The quadrotor is a MIMO system that cannot be controlled easily by simple pole placement techniques. Therefore, optimization techniques are essential to stabilize the system and reach the desired states. The solutions of optimal control provide an automated design technique in which only the figure of merit is required [9]. The most widely used method is LQR optimization because of its good efficiency. In this work, we use the LQR technique to obtain the state-feedback gains of the controller described in Eq. (18).
Consider a general plant with the state-space equations and control law as follows:
x˙(t)=Ax(t)+Bu(t)
y(t)=Cx(t)+Du(t)
u(t)=r(t)−Kx(t)
Now, to obtain the gain K, we define a cost function such that it is the sum of the penalties of the states and the input. These penalties represent how far the system is from the desired response. This can be represented as:
J=∫0∞(xT(t)Qx(t)+uT(t)Ru(t))dt
This cost function J is now minimized to reduce the penalties of the controller. This implies Q and R, are both selected as positive definite matrices. The gain K is calculated as:
K=R−1BTP
where P is obtained by solving the algebraic Riccati equation:
ATP+PA−PBR−1BTP+Q=0
Now, the same procedure can be applied to our T–S state feedback controller. All the gains can be calculated as:
Ki=R−1BiTP
AiTP+PAi−PBiR−1BiTP+Q=0
where i=1,2,…,r, and r is the number of T–S models.
Formation ControlLeader–Follower Formation Scheme
Consider a system consisting of one leader quadrotor and N follower quadrotors. It is assumed that all these quadrotors have identical models and controllers, as discussed before. The T–S model for each quadrotor can be represented as:
x˙j(t)=∑i=1rμi(ξ(t))(Aixj(t)+Biuj(t)+di)
yj(t)=Cxj(t)
j =0,1, 2,…,N are the number of quadrotors.
Now, the state feedback LQR controllers for the quadrotors are given as:
uj(t)=rj(t)−∑i=1rμi(ξ(t))(Kixj(t))j=0,1,2,…,N
where rj(t) is the reference trajectory for each quadrotor, and K_{i} is the state feedback gains calculated using LQR.
To obtain the leader-follower formation, the reference signal for the leader r_{0}(t) is selected as per our desired required response. However, the reference signals for the followers, r_{j}(t), j = 1,2,…,N are defined as the trajectory of the leader with some offsets. This can be represented as:
rj(t)=x0(t)+xjOFF
where x0(t) is the current state vector of the leader, and xjOFF is the offset for all the states of the j^{th} follower with respect to the leader. Therefore, the control law for each follower becomes:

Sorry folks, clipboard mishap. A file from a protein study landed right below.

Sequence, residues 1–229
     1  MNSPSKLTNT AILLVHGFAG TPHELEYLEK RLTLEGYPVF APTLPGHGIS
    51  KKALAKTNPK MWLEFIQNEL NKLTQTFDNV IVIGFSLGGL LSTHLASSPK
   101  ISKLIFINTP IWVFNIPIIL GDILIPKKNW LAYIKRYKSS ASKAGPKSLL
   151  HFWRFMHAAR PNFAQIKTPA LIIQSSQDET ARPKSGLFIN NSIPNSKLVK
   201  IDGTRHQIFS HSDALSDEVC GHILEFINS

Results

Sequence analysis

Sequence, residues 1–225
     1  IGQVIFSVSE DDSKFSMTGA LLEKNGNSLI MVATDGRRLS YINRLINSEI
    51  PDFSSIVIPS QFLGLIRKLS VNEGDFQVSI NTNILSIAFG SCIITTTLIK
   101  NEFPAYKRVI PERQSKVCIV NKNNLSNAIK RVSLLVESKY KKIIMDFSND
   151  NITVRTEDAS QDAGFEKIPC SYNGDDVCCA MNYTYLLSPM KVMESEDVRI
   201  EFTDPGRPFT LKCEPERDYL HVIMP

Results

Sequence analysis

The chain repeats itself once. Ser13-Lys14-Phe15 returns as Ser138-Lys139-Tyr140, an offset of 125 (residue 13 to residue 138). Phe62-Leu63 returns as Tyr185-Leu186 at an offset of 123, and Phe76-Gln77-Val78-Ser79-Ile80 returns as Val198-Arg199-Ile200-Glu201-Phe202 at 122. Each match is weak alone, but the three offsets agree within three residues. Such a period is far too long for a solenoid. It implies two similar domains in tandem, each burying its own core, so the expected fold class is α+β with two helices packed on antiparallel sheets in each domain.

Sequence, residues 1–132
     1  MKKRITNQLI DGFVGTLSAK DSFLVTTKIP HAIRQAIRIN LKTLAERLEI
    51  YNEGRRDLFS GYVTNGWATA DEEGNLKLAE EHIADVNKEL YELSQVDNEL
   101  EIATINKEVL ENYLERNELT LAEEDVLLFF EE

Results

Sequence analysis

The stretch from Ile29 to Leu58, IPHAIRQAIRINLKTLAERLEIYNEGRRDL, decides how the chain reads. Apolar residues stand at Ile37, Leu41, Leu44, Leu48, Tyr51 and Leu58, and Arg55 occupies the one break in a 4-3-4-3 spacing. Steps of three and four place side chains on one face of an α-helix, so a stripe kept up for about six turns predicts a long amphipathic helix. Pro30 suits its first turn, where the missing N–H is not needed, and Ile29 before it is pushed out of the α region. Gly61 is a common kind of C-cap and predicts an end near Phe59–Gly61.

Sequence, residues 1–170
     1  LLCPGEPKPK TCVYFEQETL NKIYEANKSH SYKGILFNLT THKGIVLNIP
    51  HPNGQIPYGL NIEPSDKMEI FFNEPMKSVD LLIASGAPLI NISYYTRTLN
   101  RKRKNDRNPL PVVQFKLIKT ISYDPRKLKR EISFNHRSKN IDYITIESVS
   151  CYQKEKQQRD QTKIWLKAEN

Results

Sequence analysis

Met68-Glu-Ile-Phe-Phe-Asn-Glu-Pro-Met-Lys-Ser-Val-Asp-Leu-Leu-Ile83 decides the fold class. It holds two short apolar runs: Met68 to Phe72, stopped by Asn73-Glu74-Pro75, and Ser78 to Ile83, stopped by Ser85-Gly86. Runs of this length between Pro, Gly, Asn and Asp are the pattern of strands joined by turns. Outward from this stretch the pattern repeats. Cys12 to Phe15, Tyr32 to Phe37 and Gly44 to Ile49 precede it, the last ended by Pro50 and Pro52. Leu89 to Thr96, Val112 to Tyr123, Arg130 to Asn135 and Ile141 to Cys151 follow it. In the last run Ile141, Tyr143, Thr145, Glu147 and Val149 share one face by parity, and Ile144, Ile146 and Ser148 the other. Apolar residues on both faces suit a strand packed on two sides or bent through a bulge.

It should be noted that all the parameters of the fuzzy functions and the states are identical for all the quadrotors. Additionally, in practice, the control of only the positions (x, y, z) is performed, and the rest of the states of the quadrotors are set to track the leader. This means that the offsets are present only for the position states of the reference signals.
Potential Fields Technique for Shape Formation
Potential fields technique is used to obtain cooperative control of the quadrotors. Each follower has information on the positions of the leader and adjacent followers. Using this information, an attractive and a repulsive potential force is applied on each follower to obtain the desired shape formation. The followers are attracted towards the leader via the attractive potential. The repulsive potential repels adjacent followers and keeps them at a specified distance d. Therefore, two potential field functions are defined based on this concept: one is U_{att}, the attractive potential, and the other is U_{rep,} the repulsive potential. These functions are defined as follows:
Uatt=12katt(roi−R)2
Urep={12krep(rij−d)2rij<d0otherwise
where roi is the current distance between the leader, and the i^{th} follower, rij is the current distance between the i^{th} and the j^{th} followers, R is the required distance between the leader and the followers, d is the desired distance between each adjacent follower, and katt,krep are positive tuning constants.
Now, the forces associated with each potential are calculated as a negative gradient of the above functions. The overall force applied on each follower is represented as:
F=F0+Fij+Da
where
F0=−∇Uatt
and
Fij=−∇Urep
The control scheme described above can be illustrated as shown in Fig. 5.
Control scheme of a follower quadrotor using potential fields
The center and the repulsive potentials are obtained by applying the gradient, as discussed above. After computation, they are obtained as follows:
F0=−katt1roi(roi−R)(Pi(t)−P0(t))
Fij=−krep1rij(rij−d)((Pi(t)−Pj(t))−(Pj(t)−Pi(t)))
where P’s are the position vector of the quadrotors defined as:
P0=[x0y0z0ψ0]T for the leader, Pi=[xiyiziψi]T, and Pj=[xjyjzjψj]T for adjacent followers i,j.
Simulation Results
The entire control scheme explained in the previous sections is implemented using MATLAB to perform the simulations. Consider one leader quadrotor and three follower quadrotor agents, n = 3. The followers are required to form a circle of radius R, with the center being the leader. This implies each follower is at a distance of R from the leader. Additionally, each adjacent follower quadrotor should be at a distance d from each other. Let R = 1.5 m and n = 3, which implies d = 2Rsin(pi/n) = 2.598 m. The leader must follow a desired reference trajectory, and the agents follow the trajectory of the leader along with the formation constraints to produce their paths that satisfy the desired shape formations.